Monthly Archives: May 2013

How to Prepare for a Shaman Training Class


completeting the circle
Joining a shamanic circle is helping to complete the circle of transformation currently happening among many people around the world.

What can you expect on the first day of shaman training? How to prepare? What to bring?

Each shaman teacher will approach the start of training in a different way, of course. But the one thing all teachers and students have in common is the anticipation of the beginning of a sacred
journey of exploration, discovery and spiritual healing. So right off, you all have a common purpose, which begins to build special power for the work ahead.

For most people who begin shaman training, there comes the realization that the journey is one you began long ago. And it’s a journey without end. In other words, and as some of the old shamans have taught, the journey continues long after the body has melded back into the body of the Earth Mother to be re-formed.

In my experience as a student, the first day of training answered a dilemma that had long intrigued and confused me— why did some of concepts of shamanism seem so familiar to me? You may experience the same thing. I was shocked to learn that I had been a healer in previous lives! And more likely than not, you too practiced and taught the healing ways over many lifetimes. Otherwise, you would probably not have felt the urge to join a class.

It works something like this. Your shamanic memories are buried deep inside, and when you step into a new life, that part of you remains asleep. It is only when something occurs, perhaps something so small that you do not consciously know it, but that nonetheless needles the start of an urge that builds over time. It is a quest that calls to you, and it’s unrelenting, even though you can’t identify it. And then, quite by surprise, you discover a budding interest in helping people heal. Perhaps you even discover some healing talents, like placing a hand on someone’s shoulder and wishing them a speedy recovery from a disease. And then to find out later that the person did indeed have a speedy recovery!

The job of the teacher, then, is to help you to remember who you are and thus to help awaken the healer inside. That is the basis of the first class!


Preparing for your first shamanism class is a very personal undertaking. I always ask students to spend as much time as possible in nature and to perform a few tasks during the week leading up to the class. It is in nature that you will receive your Ph.D. in shamanism and spiritual healing!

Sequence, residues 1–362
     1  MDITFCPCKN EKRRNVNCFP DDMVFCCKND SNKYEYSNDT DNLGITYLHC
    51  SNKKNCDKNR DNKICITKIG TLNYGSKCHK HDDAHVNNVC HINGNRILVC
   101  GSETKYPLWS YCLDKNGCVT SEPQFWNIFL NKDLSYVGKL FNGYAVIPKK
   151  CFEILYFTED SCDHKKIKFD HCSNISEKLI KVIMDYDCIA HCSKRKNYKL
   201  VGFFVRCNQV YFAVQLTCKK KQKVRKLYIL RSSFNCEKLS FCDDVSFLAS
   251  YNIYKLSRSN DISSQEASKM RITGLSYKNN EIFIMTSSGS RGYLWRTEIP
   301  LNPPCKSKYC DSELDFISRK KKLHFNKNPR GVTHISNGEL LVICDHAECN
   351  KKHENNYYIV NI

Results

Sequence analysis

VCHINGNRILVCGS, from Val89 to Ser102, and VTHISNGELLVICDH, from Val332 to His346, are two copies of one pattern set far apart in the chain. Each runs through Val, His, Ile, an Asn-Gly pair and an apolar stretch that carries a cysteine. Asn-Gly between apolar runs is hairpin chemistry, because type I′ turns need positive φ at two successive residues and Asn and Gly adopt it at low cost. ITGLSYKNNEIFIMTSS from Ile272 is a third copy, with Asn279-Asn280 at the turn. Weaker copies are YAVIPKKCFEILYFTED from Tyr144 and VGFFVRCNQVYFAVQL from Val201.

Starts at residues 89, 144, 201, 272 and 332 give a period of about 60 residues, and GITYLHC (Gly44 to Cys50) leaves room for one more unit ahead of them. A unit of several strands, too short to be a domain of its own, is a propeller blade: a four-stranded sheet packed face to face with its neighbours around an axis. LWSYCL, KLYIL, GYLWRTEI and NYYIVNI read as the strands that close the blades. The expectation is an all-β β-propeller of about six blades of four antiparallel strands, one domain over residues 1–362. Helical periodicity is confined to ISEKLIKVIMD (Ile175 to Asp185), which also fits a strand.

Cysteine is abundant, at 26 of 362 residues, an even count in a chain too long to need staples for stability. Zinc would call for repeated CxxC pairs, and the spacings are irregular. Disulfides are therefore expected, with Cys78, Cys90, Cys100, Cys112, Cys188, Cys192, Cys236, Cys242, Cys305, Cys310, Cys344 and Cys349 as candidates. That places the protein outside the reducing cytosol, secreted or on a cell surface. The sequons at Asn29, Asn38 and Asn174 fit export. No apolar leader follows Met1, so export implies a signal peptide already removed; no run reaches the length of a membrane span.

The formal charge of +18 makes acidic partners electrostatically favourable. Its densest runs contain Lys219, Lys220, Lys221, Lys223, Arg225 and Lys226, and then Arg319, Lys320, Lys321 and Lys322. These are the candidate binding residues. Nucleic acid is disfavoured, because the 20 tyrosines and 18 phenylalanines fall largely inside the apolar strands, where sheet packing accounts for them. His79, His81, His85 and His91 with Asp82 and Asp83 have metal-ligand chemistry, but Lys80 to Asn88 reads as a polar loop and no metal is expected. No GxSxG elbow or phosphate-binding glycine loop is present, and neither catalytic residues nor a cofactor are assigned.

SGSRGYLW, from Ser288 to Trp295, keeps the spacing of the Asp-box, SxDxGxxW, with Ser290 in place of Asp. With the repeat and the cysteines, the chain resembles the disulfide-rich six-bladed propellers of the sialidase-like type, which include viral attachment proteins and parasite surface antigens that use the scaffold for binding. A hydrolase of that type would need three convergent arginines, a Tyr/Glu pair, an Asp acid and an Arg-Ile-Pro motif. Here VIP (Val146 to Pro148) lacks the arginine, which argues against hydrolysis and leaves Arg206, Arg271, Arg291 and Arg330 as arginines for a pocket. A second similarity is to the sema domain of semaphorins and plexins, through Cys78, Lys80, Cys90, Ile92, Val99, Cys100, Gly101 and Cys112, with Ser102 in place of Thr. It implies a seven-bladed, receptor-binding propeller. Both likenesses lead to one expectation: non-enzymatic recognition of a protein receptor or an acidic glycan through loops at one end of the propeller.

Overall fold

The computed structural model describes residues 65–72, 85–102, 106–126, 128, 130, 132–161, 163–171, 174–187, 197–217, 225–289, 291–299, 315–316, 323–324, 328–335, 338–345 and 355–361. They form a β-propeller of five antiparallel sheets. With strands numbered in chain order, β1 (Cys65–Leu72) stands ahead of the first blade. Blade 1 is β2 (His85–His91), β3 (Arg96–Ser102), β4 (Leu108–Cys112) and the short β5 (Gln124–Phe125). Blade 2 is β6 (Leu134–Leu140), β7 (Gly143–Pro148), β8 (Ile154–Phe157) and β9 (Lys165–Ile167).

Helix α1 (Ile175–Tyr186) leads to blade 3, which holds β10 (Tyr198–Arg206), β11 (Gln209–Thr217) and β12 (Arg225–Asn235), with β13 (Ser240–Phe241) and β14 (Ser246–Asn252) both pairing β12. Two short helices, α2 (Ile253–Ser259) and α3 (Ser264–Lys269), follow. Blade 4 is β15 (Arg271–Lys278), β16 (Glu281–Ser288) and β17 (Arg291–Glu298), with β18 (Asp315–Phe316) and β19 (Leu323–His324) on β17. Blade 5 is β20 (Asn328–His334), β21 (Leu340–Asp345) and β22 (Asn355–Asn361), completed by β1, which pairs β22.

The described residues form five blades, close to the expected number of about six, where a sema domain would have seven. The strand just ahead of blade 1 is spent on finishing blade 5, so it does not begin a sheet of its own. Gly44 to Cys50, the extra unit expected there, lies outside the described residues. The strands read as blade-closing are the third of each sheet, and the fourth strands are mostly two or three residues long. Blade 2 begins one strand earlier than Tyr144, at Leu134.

Being in nature is the most important thing you can do because teachers await there who will help you prepare. They are the trees, grass, sky, a stream, birds and other animals, a breeze, a sudden silence. They are separate and whole simultaneously, each carrying a spiritual message and providing help and support to you. Other guides and spiritual advisers will join the circle there, too, even though they may not inhabit a body that you can see.

You honor them all by going where they are, and they honor you for being there.

I can think of no better way to prepare than to sit up against a tree after a long walk in the woods. If you will do this once a day for four or five days before your first class, you’ll be good to go!

What To Bring?

Your teacher will probably suggest a number of items you can bring to class, including a drum, rattle, blanket, sleeping mask (to help keep light out of your eyes while learning the shamanic journey), a journal and so forth. I ask students to bring a few “souvenirs” from their time in the woods, like small pebbles, a bit of a leaf or tree bark, a flower petal, a feather or any other small item that calls their attention. I suggest they perform a short ceremony to ask permission to retrieve the item beforehand. Then, once in class, they will find comfort in holding the items and in recalling their peaceful experience in nature. If you do this, I guarantee you be in tune with whatever your teacher has to offer for the day when you form the healing circle. (And you will have a head start on the sacred items you may want to add to your medicine pouch.)

Though teachers differ in their approach and priorities, I believe you’ll find that these few steps of preparation will serve you well at the start of your journey.

Brightest blessings to you, to your teacher, and to all of those around you, my friend. You are about to change the world…for the better.

Aho & Namaste,


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